God’s Sovereign Grace
 
That we have spiritual eyes to see the truths of the gospel, ears to hear and hearts to respond, is all of God’s grace. John Newton put it succinctly when he wrote, “Amazing Grace how sweet the sound that saved a wretch like me, I once was blind but now can see.”
 
If you see the light of the knowledge of the glory of God in the face of Christ,” it is by God's sovereign grace, and the light of the knowledge of our Lord is a light that grows ever brighter, both in this life as we grow in our sanctification, and in the life to come when we will continue to grow in our knowledge of our glorious, triune God.
 
This passage not only teaches that it is by God's grace that we have salvation and are given spiritual sight, but also that it is by his mercy that we have the ministry of his word. Perhaps you noticed that is how this passage began in verse 1, where Paul writes: Therefore, since through God's mercy we have this ministry, we do not lose heart.” And in verse 7 where he writes, “But we have this treasure in jars of clay to show that this all surpassing power is from God and not from us.”
 
Can you imagine life without the word of God? We know that God exists through the creation of the world which leaves all humanity without excuse. But we only know the way of salvation through faith in Jesus Christ because God in his mercy has revealed himself through his word.
 
As Romans 10:17 points out, Faith comes by hearing and hearing by the word of God.” Scripture makes it clear that it is by God's grace that we are saved; it is by his mercy that he gives us his word to show us our need for salvation. But even though God is sovereign in saving grace, the Bible is equally clear in teaching that we must respond to God’s Word.
 
The ministry of the Word is rooted in God’s mercy so that by his grace we may have saving faith in Jesus Christ. Is that where your faith is, and mine? Is our faith firmly fixed upon the Lord Jesus Christ? Do we see the light of the knowledge of the glory of God in the face of Christ? If so, praise God for his amazing, sovereign grace in redeeming you from your sin!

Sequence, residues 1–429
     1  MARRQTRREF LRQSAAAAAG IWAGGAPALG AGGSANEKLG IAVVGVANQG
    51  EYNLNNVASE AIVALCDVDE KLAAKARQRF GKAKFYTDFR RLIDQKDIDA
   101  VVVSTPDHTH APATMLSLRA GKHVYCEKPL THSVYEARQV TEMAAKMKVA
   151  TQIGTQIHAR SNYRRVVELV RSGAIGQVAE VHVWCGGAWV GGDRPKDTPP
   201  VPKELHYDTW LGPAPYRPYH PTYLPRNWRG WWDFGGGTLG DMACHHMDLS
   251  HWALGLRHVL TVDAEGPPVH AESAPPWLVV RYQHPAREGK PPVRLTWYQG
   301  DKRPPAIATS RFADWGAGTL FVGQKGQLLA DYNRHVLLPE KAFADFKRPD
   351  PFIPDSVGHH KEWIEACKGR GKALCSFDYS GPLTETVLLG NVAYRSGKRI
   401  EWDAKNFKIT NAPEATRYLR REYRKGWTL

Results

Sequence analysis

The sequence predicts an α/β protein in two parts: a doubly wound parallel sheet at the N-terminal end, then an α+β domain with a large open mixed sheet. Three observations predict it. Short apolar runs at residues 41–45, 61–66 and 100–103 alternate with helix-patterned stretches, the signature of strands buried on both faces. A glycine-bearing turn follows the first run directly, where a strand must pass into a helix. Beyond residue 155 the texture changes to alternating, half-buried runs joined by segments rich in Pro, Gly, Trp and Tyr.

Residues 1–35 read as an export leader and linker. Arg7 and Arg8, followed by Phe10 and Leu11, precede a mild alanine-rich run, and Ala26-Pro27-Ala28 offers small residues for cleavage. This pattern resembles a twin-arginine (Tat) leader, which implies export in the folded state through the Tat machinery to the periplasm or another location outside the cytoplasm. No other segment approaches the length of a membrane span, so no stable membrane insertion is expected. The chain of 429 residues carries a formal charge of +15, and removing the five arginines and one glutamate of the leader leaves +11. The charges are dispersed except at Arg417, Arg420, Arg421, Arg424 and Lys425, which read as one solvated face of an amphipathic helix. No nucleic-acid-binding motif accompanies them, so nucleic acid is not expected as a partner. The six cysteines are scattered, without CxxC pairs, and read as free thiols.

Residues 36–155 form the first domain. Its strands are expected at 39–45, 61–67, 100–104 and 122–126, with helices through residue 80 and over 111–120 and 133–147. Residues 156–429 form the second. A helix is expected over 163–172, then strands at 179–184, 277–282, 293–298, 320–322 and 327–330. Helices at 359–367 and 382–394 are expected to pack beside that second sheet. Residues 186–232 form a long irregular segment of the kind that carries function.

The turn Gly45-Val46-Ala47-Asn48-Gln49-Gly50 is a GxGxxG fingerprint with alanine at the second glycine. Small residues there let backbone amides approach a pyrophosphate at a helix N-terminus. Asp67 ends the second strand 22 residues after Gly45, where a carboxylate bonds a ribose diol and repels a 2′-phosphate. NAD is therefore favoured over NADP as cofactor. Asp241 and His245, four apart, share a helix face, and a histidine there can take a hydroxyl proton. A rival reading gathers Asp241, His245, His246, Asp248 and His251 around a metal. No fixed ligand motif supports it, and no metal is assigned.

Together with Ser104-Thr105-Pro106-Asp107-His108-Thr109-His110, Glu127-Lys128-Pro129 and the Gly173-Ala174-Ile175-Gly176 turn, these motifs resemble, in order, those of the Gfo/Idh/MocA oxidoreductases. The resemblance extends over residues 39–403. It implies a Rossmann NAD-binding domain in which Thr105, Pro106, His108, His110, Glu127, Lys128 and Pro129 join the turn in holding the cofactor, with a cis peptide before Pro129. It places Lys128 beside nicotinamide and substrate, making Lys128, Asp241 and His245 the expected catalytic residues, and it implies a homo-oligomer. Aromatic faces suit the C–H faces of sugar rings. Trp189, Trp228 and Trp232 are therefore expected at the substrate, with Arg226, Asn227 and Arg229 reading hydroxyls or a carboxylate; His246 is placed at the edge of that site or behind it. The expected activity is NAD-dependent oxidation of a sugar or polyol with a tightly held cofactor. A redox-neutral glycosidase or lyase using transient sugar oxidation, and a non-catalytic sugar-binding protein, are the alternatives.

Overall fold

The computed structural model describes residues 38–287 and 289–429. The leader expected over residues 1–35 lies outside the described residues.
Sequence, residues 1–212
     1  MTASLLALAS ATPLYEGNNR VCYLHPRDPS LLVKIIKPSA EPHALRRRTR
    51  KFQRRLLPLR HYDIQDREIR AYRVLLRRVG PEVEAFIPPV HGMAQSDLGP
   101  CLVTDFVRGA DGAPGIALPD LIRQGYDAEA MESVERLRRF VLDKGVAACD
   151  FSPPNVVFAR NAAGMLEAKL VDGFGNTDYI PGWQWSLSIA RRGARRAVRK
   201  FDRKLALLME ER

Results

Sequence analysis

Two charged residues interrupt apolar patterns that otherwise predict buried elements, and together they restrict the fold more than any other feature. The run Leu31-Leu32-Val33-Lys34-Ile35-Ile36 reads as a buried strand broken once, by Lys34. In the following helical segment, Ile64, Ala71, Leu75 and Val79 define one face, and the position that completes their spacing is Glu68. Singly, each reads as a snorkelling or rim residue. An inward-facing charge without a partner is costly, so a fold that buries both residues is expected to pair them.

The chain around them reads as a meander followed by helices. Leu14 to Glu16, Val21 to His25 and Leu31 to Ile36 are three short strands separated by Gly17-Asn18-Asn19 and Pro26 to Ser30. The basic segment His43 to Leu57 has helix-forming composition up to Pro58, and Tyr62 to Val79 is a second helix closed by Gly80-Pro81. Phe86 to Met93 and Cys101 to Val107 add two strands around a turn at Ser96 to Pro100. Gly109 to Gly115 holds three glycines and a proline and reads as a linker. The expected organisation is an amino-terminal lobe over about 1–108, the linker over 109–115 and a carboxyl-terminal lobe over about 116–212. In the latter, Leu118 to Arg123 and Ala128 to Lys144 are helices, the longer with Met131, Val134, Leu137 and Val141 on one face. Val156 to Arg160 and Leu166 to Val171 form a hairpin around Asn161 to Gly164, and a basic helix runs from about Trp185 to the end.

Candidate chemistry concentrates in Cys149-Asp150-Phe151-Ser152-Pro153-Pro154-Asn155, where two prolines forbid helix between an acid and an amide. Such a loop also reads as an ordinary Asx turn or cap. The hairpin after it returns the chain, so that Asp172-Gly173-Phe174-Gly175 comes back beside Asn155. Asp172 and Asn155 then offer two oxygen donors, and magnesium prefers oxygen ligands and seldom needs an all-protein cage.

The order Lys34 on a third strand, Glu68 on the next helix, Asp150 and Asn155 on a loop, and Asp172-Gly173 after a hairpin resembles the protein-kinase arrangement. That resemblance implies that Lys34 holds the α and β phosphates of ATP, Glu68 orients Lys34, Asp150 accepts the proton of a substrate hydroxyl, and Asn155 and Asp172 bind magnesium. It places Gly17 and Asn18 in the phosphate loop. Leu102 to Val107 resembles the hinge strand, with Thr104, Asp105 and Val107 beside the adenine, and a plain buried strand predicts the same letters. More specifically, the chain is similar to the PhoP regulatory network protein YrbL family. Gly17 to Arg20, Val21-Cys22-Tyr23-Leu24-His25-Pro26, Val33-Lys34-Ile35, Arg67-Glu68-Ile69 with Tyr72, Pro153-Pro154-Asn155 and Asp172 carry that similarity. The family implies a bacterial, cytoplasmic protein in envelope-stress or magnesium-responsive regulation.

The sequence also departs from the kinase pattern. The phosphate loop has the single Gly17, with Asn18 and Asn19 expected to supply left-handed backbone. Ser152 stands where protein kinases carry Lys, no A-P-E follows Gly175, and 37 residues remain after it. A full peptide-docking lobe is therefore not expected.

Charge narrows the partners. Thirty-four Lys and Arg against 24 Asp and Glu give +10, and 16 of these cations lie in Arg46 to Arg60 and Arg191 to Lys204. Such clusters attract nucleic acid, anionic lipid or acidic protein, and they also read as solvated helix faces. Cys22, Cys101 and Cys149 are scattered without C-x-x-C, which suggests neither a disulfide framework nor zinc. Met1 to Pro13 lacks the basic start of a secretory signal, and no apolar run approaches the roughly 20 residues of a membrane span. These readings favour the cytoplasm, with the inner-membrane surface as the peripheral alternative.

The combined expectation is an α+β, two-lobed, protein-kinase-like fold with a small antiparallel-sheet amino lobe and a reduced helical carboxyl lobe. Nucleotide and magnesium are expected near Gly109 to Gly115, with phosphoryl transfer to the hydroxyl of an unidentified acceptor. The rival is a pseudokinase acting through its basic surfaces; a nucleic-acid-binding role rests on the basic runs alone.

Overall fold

And, on the other hand, if you are still blinded to the truth of the gospel, if the Bible makes no sense to you, and you cannot see your need for Jesus, commit yourself to seek him with all your heart. The same Lord who redeems his people by sovereign grace, assures us, that all those who seek him with all their heart will find him. In Jeremiah 29:13 the Lord promises, “You will seek me and find me when you search for me with all your heart.” Scripture is clear that we are saved by God’s sovereign grace, and yet it is equally clear that we must seek him with all our heart. 
 
Because of God’s mercy we have the ministry of his word. His word calls us to respond to the gospel with repentance and faith. When, by his grace, you respond to the Lord with genuine repentance and saving faith, you will find salvation from all your sin. You will receive the gift of eternal life in heaven, and you will gain a glimpse of the light of the knowledge of the glory of God in the face of Christ.” Amen!
 
 
bulletin outline:
 
 
…We have renounced secret and shameful ways; we do not use deception,
nor do we distort the word of God. On the contrary, by setting forth the truth
plainly we commend ourselves to everyone’s conscience in the sight of God.
                                                                                               2 Corinthians 4:2
 
                               “The Truth Plainly Spoken”
                                         2 Corinthians 4:1-7
 
I. There were many false teachers in Corinth, yet Paul did not lose heart
    but faithfully proclaimed God’s Word:
     1) Without deception or distortion (2b, c)
 
 
 
     2) By speaking the truth plainly in the sight of God (2d, e)
 
 
 
     3) By proclaiming Christ as Lord and himself as a servant (5)
 
 
 
II. The passage also teaches:
     1) Those who are perishing are blinded by Satan, so they cannot see
          the light of the gospel (3-4)
 
 
 
     2) Spiritual sight – seeing the light of the knowledge of the glory of
         God in the face of Christ” – is by God’s sovereign grace (6)
 
 
 
     3) The ministry of the Word is rooted in God’s mercy (1, 7) so that by
          His grace we may have saving faith in Jesus Christ (Romans 10:17)
 
 

 




* As a matter of courtesy please advise Rev. Ted Gray, if you plan to use this sermon in a worship service.   Thank-you.
(c) Copyright 2018, Rev. Ted Gray